If you’ve ever seen this nighttime animal before, you know that the owl has big, curious eyes and makes a unique “hoot” sound. Owls are almost famous for their wise appearance, because their intelligent eyes glow and they stare so intensely. Let’s explore some owl facts!
You may be surprised to learn that owls are very interesting creatures, and there is a lot to learn about their mysterious ways. They do a lot more than just hoot all night long!
Owls can be found in all different types of habitats, and every continent except Antarctica contains species of owls. You can find owls in many places, from forests and deserts to mountains and prairies. It all depends on which species of owl you’re talking about, and there are a staggering 150 documented species of owls (possibly even more, depending on how you classify the different species).
▪ 19 species of owls are found in North America, including the following: barn owl, burrowing owl, eastern screech owl, great grey owl, spotted owl, and the long-eared owl, among many others.
▪ No matter where the owl lives, one thing is certain – they are most active at night. Unlike us humans, owls are nocturnal and prefer to stay awake and be active at night. This is why a person who enjoys staying up late at night is often jokingly called a night owl!
▪ Most owls do not go through the trouble of making their own nest – they just use an old tree cavity or another’s bird’s old nest.
▪ Although their diet largely depends on the species of owl, most owls like to eat insects, small mammals (like hares and rabbits), and other smaller birds. It is also common for owls to eat rodents, squirrels, bats, weasels, woodchucks, and even the random domestic cat as well. Aren’t you happy that your diet isn’t like an owl’s diet?
▪ Owls very rarely drink water – they get most of the hydration they need from the prey they feast on. It is quite rare to see an owl drinking water, but you might see them taking a bath.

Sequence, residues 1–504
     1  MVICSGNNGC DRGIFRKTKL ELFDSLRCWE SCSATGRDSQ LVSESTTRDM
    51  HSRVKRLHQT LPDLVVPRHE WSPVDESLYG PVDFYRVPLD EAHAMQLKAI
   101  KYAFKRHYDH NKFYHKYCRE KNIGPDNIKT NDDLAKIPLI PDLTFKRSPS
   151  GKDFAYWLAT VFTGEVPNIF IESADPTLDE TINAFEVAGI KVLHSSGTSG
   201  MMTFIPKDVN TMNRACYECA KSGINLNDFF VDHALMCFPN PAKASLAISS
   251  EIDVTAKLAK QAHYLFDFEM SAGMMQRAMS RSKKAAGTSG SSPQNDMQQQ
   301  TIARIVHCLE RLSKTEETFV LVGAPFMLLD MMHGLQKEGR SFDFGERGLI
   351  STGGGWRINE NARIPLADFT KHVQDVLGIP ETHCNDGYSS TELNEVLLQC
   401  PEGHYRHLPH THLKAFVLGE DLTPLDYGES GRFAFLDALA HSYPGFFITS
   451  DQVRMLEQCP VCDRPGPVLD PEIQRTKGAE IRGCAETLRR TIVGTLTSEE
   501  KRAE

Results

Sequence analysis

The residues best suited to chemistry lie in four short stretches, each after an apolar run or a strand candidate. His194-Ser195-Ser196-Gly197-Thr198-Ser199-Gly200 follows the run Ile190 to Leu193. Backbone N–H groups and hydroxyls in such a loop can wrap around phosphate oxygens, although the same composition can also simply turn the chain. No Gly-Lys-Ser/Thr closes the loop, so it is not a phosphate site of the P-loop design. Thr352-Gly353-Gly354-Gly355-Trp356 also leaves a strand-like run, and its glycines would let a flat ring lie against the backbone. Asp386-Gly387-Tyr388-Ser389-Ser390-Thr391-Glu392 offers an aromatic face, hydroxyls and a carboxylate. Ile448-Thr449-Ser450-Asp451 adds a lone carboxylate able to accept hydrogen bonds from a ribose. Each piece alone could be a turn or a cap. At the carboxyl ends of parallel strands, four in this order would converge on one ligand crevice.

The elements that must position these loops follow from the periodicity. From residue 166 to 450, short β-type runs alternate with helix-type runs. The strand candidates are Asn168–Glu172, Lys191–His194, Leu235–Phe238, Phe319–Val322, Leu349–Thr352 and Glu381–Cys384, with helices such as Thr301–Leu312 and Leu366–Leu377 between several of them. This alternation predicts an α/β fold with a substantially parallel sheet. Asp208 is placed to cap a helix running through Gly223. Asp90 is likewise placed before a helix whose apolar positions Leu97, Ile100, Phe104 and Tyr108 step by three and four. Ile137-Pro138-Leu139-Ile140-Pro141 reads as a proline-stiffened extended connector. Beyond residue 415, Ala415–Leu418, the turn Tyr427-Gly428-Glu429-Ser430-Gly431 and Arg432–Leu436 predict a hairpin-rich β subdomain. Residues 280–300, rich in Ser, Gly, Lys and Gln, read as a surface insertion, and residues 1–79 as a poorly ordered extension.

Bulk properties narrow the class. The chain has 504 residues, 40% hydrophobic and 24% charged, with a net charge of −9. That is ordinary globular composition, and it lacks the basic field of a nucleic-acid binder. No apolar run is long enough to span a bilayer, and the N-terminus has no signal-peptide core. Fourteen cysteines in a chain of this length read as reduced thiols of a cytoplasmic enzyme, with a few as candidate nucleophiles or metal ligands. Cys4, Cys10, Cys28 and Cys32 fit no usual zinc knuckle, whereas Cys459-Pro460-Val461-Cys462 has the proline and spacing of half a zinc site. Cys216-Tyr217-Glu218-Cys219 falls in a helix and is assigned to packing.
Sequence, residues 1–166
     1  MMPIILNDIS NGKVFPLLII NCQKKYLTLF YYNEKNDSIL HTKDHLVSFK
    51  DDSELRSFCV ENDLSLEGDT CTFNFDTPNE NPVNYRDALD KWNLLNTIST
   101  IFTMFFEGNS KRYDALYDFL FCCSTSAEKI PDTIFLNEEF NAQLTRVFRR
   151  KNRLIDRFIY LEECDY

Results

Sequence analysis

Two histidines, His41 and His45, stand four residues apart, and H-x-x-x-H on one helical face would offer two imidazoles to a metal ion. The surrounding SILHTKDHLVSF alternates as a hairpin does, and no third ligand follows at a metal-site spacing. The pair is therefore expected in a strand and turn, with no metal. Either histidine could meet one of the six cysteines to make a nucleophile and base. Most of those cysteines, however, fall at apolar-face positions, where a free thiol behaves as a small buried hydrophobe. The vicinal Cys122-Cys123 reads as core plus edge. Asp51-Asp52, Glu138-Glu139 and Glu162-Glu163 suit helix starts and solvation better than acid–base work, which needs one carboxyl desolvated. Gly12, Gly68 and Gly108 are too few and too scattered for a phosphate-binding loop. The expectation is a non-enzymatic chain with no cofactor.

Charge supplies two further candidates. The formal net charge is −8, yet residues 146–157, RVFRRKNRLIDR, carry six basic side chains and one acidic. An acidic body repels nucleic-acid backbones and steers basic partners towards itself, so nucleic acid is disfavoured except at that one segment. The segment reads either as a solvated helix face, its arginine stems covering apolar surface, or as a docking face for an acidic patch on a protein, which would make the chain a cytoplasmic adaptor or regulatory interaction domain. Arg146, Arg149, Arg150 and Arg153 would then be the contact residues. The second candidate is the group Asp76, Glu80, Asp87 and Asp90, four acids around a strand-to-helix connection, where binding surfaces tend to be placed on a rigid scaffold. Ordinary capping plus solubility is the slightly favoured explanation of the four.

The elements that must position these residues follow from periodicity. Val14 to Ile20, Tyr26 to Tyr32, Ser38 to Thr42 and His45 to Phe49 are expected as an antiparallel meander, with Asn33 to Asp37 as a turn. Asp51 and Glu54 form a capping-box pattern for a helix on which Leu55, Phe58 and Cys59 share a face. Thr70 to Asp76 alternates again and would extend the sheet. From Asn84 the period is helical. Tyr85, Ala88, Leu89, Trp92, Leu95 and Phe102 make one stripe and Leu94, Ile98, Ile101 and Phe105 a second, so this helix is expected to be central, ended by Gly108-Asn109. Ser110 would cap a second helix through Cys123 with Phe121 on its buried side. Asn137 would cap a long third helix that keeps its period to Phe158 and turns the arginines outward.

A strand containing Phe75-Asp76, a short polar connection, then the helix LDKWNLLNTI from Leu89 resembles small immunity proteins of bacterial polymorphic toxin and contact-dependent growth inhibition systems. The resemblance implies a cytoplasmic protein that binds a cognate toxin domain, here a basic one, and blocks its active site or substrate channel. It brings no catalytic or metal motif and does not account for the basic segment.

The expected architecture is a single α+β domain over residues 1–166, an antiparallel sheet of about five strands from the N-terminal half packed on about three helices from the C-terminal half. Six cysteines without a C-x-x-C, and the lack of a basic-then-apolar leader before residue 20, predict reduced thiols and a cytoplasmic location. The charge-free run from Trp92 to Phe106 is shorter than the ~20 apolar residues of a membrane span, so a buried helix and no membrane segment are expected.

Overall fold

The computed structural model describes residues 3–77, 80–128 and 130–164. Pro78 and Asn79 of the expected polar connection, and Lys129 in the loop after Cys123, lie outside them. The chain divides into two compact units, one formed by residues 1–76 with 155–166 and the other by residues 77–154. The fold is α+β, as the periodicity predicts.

▪ Owls cannot actually chew their food because they do not have teeth. They use their beak to tear apart their food and eat it.
▪ Most owls have notably large eyes, a flat face, and a large head. They also have a small, hooked beak that is downturned.
▪ Owls generally have a rigid posture. Imagine trying to stand as straight as possible all of the time – the owl naturally has excellent posture!
▪ Owls are birds of prey, meaning they have to hunt for food to survive. For this reason, they have very large, sharp talons used for catching their food. There are four toes on these talons, and one is opposable (like the human thumb) aiding owls in grasping things like tree branches and prey.
▪ The size of an owl may vary, but most owls are at the lower end of the size range, with lengths of about 13–70 cm (5–28 inches) and wingspans between 0.3–2.0 metres (1–6.6 feet). Females and males often look very similar, but the females are usually about 25 percent larger.
▪ Believe it or not, although owls mostly vary in size and appearance, they have one interesting ability in common – they can turn their heads an astonishing 270 degrees! This is thanks to their necks containing double the amount of vertebrae “normal” birds have in their necks. It makes for a very funny sight to see.
▪ Believe it or not, despite having very large eyes, owls do not have eyeballs. They actually have something more like eye tubes. Lengthened and held in place by “sclerotic rings,” a bony structure in the skull, this interesting feature means that owls can’t really move or roll their eyes.
▪ Believe it or not, owls are very silent fliers. Seriously, they don’t make a peep when they fly. This is due mainly to very broad wings and special flying feathers that reduce the noise when an owl flaps its wings.
▪ Believe it or not, despite popular belief, not all owls make that infamous “hoot” sound. Owls can actually make many different sounds – they can screech, hiss, and even growl!
▪ Believe it or not, the female owl is more aggressive and bigger than the male owl.